Giving tennis more than a shot

Davis Cup – A Bad Day For Canada (And A Good One For South Africa)

 

Izak Van Der Merwe (L) and Raven Klaasen caused quite a surprise when they defeated locals Daniel Nestor and Vasek Pospisil in straight sets to keep South Africa alive in the World Group playoff opposing them to Canada

 

Last night, a couple of hours after the end of the second rubber, the skies opened to violent thunderstorms, which changed the temperatures quite a bit. From the mid-high 20s of most of the week, it was a chilly, and very windy day that greeted us this morning in Montreal, and it was no better when the doubles rubber started.

 

The question was what incidence the wind may have on the match itself. But I don’t think it was for that much in what ended up happening, except that some serves and shots, on both sides, really did end up catching in the wind, like the backhand volley Daniel Nestor hit that ended up in the net to give the break to the South African team in the first set, or a few double faults on both ends in the second and third sets.

 

However, one fact remains clear: the Canadian team of Daniel Nestor and Vasek Pospisil did not play well and made many, many errors, which an opportune South African duo took whenever they could.

 

After Raven Klaasen and Izak Van Der Merwe took the first set, 6-4, the Canadian pair seemed to get some nerve back and logged a opportune break in the sixth game of the second set. Serving to tie the match at a set-all, Daniel Nestor quickly got to a 40-15 lead, then made two double faults. In the end, the South Africans got the break back, but Izak Van Der Merwe had to save two more set points on his own serve, one with a good first ball, the second with a forehand gone long from Vasek Pospisil.

 

The second set ended up in a tiebreak, where the Canadian team made a lot of errors, leading to Klaasen and Van Der Merwe taking an early lead, which they never relinquished, talking a two-set lead.

 

The third set started with an early break for the visitors. However, it turned out being almost a reverse copy of the second as, after saving one match point on Nestor’s serve at 2-5 and three more when Van Der Merwe attempted to serve out the match, the Canadians broke back on a double fault, and then held off opposition to force another tiebreak.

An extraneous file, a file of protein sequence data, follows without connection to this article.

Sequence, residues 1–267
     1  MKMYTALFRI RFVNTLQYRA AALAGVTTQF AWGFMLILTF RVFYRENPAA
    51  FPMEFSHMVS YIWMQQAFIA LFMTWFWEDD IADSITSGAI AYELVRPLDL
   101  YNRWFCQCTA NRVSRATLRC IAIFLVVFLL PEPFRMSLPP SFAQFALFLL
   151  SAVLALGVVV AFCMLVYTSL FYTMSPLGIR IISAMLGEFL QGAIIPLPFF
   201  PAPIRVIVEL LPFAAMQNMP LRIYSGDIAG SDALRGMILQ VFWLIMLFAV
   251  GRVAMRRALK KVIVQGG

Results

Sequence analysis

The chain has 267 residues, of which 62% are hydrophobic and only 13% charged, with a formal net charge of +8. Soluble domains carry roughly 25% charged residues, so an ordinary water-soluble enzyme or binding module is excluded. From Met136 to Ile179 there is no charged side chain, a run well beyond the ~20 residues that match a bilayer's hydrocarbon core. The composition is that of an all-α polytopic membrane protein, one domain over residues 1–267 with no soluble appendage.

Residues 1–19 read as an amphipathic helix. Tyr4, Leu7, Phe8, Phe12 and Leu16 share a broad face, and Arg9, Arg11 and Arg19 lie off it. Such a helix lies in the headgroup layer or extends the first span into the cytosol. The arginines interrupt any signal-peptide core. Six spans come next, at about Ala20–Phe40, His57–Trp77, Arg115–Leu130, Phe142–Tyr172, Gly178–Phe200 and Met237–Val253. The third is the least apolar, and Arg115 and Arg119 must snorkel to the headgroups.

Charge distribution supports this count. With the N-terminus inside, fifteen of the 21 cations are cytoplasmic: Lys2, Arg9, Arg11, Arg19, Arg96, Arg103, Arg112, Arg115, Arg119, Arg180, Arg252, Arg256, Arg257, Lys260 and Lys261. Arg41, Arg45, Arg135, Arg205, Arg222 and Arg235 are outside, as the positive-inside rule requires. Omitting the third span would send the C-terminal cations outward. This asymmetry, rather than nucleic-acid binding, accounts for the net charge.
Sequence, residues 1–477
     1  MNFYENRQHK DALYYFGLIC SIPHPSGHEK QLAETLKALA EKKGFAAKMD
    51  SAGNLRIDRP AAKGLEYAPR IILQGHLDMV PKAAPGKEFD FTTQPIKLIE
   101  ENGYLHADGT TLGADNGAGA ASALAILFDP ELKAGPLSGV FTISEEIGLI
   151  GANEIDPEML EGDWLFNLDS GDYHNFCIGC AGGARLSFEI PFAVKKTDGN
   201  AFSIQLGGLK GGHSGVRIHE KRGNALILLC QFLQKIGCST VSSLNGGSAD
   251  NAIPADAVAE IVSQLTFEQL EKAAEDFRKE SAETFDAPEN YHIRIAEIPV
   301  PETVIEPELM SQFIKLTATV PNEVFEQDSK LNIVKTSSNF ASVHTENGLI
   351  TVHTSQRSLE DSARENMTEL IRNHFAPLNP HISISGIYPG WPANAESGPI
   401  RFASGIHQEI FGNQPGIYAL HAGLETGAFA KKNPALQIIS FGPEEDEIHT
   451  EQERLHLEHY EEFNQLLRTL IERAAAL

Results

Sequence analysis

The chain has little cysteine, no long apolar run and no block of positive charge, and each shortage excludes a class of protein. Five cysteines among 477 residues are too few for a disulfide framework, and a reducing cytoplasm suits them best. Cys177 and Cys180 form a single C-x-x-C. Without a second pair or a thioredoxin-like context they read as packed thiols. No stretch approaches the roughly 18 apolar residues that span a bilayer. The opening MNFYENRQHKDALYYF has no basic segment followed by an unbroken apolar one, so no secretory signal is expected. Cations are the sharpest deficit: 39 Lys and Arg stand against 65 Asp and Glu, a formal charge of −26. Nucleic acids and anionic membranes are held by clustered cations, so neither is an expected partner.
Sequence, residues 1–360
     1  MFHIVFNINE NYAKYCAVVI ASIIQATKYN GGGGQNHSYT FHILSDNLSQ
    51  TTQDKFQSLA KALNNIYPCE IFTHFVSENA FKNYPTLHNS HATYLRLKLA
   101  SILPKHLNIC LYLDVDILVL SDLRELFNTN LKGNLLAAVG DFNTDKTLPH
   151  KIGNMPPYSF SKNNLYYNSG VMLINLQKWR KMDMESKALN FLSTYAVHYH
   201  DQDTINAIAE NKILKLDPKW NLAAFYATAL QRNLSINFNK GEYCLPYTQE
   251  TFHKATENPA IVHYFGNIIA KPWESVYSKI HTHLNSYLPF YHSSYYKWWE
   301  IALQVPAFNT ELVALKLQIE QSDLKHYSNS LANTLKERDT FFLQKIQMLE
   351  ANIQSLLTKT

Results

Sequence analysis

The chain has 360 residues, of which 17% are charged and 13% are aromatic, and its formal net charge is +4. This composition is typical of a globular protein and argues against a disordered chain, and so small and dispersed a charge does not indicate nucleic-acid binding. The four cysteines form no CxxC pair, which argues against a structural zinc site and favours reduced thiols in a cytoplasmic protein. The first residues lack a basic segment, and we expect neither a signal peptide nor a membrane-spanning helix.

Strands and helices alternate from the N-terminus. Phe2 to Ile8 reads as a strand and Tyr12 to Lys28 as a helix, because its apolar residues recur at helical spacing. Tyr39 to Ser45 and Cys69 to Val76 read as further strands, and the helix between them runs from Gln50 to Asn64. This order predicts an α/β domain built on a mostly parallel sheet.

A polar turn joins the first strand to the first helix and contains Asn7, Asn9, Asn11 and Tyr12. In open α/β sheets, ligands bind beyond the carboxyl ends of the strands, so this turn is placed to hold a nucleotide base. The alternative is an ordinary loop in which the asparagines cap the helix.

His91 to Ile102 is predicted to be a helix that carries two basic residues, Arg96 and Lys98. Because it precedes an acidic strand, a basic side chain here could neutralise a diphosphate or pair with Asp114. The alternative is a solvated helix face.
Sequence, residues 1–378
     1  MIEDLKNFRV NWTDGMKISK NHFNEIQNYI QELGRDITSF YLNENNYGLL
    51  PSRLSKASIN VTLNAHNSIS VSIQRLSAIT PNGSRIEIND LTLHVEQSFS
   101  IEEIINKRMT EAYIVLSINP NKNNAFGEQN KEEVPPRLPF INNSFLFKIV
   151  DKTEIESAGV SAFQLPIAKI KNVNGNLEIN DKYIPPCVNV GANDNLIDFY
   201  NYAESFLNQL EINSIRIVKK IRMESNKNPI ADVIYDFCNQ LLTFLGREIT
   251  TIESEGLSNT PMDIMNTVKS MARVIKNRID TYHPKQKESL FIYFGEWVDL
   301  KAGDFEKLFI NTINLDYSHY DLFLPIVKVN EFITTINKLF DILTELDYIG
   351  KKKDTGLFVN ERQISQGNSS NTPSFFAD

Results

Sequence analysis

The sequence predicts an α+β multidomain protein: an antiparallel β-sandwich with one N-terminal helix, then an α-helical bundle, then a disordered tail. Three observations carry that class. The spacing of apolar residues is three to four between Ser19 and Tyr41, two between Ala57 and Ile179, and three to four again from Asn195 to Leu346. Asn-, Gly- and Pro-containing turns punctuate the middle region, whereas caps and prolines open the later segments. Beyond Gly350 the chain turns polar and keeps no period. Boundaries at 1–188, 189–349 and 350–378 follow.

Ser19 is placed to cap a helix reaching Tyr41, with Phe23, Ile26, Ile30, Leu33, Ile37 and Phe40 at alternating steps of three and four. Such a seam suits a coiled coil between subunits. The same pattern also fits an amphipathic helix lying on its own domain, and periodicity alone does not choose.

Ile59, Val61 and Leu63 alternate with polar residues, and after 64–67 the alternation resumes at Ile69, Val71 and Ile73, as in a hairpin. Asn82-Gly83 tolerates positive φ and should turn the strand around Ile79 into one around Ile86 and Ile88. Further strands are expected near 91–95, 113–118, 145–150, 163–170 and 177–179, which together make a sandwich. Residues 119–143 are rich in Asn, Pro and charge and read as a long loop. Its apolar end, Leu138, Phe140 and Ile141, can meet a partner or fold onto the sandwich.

This time, again, it seemed that the tide would turn in favour of Canada, but another few mistakes were quick to give the lead back to South Africa. A costly error gave two more match points to Klaasen and Van Der Merwe. Canada saved the first one (the fifth of the South African team), but the sixth one, on their own serve, was a charm and South Africa stayed alive in the tie with a 6-4 7-6(3) 7-6(5) win.

 

After the match, I asked the South African team what made the difference in the match. I really liked the detailed answer given me by captain John-Laffnie de Jager (who was quite the doubles player himself in his playing days):

 

“I thought that they made them play a lot of balls. That was our tactic, you know. We wanted to make these guys play and work for every point. We knew that we wouldn’t get a lot of opportunities but that all opportunities that we’d get they knew to execute it, and that’s exactly what they did and every opportunity they got, they took. I think that the 5-4 game when Danny served at 40-15 was a huge game. It was good for us to break there and, you know, to win that second set and then… I gotta say, it’s tough when you have match points and you lose the third set and then go into a fourth set. Because, you know, everything changes. But I think Raven and Izak really showed their composure well and, you know, to come back and win the break, it was great, in the third set.”

 

The South Africans also mentioned how important it was for them not to let the crowd get into the match, as they knew they could have an impact if the Canadians got back into the match, which, I’m sure, they got a taste of when the (sparse) crowd started cheering Izak Van Der Merwe’s first serve faults when he was serving out the match, a gesture I condemn from any crowd.

 

If the South African team was rightfully happy and elated from a win they worked hard to get, it remained a heartbreak for the Canadians, who really took it hard. If captain Martin Laurendeau expected a tough match, he did not expect his team to lose and was confident that they would win and clinch the tie.

 

Both Daniel Nestor and Vasek Pospisil lamented their poor level of play during the match, and Pospisil went even further, taking all the blame for the loss. But as all said, they need to digest the defeat and move forward.

 

That forward is the fourth rubber, when Milos Raonic will face Van Der Merwe. To tell the truth, if he is as intense in tomorrow’s match as he was cheering his companions today, I wouldn’t want to be the guy on the other side of the net!

 

Van Der Merwe knows what’s awaiting him, and said that it’s not for him to focus on Milos’s serve, but rather to focus on his own game and on what he can do on his side of the court.

 

The rubber will start at 11:00 local on Sunday, and I don’t think a decisive fifth rubber will happen, to be honest. It should be a sunny and slightly warmer day in Montreal tomorrow, if you really need to know. And there are still lots of available seats if you are in town and want to come watch.

 

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